Biochar-amended poultry mortality composting to increase compost temperatures, reduce ammonia emissions, and decrease leachate's chemical oxygen demand

Yuchuan Wang, Neslihan Akdeniz, Shuqi Yi

Research output: Contribution to journalArticlepeer-review

Abstract

Proper disposal of animal mortalities is essential in preventing disease transmission and protecting air and water quality. Composting is often used to manage both routine and diseased poultry mortalities. The objectives of this pilot-scale study were to test if adding wood-based biochar to poultry mortality compost could 1) increase compost temperatures, 2) reduce ammonia emissions, 3) decrease leachate's organic content, and 4) enhance the nutrient content of the final compost. Biochar ratios at 0, 1, 5, 10, and 15% (fresh weight) were co-composted with chicken mortalities and woodchips for 11 weeks (three heating cycles). Results indicated that the biochar amendment significantly increased (3.4–7 °C) the maximum temperatures reached during the composting compared to those of control test units without biochar. Biochar amendments at 5, 10, and 15% resulted in the prolonged periods of temperature over 67 °C to inactivate the highly pathogenic Avian influenza (H7N1), and a reduced cumulative chemical oxygen demand of the leachate by 80.4 ± 3.07%, on average. Biochar amendment at 10 and 15% significantly reduced the cumulative ammonia emissions by 40.4% and 56.8%, respectively. Biochar amendment at 15% increased (34.7%) the total nitrogen content of the final compost. It was concluded that adding biochar, at a minimum of a 5% ratio, is recommended to improve the poultry mortality composting process.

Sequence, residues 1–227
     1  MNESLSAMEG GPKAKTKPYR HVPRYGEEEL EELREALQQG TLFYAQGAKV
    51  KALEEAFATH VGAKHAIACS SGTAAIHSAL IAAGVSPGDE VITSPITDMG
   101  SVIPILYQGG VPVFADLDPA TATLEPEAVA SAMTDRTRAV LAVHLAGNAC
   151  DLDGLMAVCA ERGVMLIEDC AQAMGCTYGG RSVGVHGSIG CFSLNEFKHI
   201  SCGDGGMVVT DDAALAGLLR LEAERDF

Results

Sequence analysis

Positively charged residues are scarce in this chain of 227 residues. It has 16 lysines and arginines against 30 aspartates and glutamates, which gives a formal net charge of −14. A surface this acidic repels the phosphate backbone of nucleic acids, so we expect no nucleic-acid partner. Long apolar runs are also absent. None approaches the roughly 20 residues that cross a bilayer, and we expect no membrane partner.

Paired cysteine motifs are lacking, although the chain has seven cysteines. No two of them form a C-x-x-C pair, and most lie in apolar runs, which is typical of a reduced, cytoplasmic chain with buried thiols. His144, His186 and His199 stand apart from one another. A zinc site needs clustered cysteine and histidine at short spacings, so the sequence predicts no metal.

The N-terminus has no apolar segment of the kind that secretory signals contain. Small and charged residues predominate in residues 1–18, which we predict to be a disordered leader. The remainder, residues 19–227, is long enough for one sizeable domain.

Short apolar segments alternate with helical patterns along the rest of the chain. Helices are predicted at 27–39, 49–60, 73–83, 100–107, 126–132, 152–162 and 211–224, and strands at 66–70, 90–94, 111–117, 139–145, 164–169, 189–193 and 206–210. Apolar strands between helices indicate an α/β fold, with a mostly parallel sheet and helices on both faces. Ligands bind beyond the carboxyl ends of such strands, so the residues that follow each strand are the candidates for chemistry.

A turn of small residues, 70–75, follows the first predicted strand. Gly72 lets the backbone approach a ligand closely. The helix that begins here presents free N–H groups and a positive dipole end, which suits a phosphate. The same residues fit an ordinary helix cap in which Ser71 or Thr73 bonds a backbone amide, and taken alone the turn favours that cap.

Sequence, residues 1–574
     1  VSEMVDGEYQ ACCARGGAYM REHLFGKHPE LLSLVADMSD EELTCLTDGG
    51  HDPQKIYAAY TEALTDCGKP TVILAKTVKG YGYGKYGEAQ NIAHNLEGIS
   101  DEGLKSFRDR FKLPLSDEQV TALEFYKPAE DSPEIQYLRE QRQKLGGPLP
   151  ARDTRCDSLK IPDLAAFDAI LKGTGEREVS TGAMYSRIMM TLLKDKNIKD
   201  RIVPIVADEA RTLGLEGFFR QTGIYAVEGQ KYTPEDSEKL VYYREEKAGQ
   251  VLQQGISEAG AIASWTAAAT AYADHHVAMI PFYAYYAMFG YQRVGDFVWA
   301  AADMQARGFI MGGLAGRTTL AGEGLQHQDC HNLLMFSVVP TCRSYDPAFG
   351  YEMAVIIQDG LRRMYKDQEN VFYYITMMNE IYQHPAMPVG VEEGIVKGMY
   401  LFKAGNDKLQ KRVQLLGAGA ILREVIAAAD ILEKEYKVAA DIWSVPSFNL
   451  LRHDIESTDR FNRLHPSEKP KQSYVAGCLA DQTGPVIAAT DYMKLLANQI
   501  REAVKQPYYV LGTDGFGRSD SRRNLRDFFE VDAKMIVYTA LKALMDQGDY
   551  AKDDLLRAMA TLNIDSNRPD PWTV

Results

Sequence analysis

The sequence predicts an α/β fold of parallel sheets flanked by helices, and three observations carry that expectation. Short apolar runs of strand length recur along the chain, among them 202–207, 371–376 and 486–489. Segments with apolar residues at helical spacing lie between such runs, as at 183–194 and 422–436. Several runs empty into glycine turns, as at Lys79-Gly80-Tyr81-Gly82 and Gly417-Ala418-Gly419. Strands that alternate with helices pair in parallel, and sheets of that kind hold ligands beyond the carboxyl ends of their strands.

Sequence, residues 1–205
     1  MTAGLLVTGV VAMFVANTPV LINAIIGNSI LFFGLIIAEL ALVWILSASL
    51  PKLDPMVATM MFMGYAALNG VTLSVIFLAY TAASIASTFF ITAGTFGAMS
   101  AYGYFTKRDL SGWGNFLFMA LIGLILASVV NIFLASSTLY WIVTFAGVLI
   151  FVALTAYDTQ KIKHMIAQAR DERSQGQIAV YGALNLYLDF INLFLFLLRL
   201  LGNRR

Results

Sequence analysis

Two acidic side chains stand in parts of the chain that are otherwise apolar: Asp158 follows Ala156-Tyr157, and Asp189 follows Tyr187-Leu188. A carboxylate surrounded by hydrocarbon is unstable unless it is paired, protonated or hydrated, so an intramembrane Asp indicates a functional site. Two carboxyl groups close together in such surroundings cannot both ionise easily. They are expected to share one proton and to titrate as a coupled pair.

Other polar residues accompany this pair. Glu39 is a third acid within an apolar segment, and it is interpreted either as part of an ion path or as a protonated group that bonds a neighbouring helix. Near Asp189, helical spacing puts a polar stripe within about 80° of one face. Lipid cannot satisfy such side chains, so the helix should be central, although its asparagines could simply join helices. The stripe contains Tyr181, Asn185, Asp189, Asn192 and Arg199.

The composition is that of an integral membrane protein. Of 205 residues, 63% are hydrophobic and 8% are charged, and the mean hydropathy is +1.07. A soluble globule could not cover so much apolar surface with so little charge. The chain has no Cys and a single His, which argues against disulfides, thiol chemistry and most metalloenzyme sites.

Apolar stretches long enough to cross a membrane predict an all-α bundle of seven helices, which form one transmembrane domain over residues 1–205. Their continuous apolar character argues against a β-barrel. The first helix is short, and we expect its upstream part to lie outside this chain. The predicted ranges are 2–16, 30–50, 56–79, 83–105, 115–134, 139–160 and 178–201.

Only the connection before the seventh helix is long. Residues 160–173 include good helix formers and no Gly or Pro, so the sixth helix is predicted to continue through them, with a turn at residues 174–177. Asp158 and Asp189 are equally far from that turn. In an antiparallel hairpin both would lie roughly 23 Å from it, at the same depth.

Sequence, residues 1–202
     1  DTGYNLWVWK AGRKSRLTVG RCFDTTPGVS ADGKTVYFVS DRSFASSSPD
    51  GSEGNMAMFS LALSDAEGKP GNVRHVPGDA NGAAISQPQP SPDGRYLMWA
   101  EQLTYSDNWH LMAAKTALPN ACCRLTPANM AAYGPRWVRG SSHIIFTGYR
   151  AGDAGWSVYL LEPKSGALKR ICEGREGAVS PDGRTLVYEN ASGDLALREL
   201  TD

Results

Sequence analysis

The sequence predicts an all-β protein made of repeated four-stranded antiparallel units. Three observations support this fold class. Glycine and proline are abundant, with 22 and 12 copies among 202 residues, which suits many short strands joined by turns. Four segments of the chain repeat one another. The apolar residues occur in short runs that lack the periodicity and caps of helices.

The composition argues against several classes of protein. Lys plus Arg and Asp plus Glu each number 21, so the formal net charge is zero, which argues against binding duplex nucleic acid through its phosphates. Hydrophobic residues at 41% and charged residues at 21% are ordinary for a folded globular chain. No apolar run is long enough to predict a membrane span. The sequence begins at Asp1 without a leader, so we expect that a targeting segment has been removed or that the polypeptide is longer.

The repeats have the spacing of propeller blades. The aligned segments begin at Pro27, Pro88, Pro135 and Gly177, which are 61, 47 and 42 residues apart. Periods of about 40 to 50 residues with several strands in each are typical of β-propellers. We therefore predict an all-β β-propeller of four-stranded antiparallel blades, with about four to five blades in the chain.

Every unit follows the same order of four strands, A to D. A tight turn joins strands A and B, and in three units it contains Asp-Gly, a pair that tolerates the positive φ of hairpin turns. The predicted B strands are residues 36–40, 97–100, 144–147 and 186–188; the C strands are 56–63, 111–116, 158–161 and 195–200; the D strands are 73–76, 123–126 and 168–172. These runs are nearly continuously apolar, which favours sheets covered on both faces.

Original languageEnglish (US)
Article number107451
JournalAgriculture, Ecosystems and Environment
Volume315
DOIs
StatePublished - Aug 1 2021

Keywords

  • Ammonia
  • Biochar
  • Chemical oxygen demand
  • Compost
  • Poultry mortality
  • Temperature

ASJC Scopus subject areas

  • Ecology
  • Animal Science and Zoology
  • Agronomy and Crop Science

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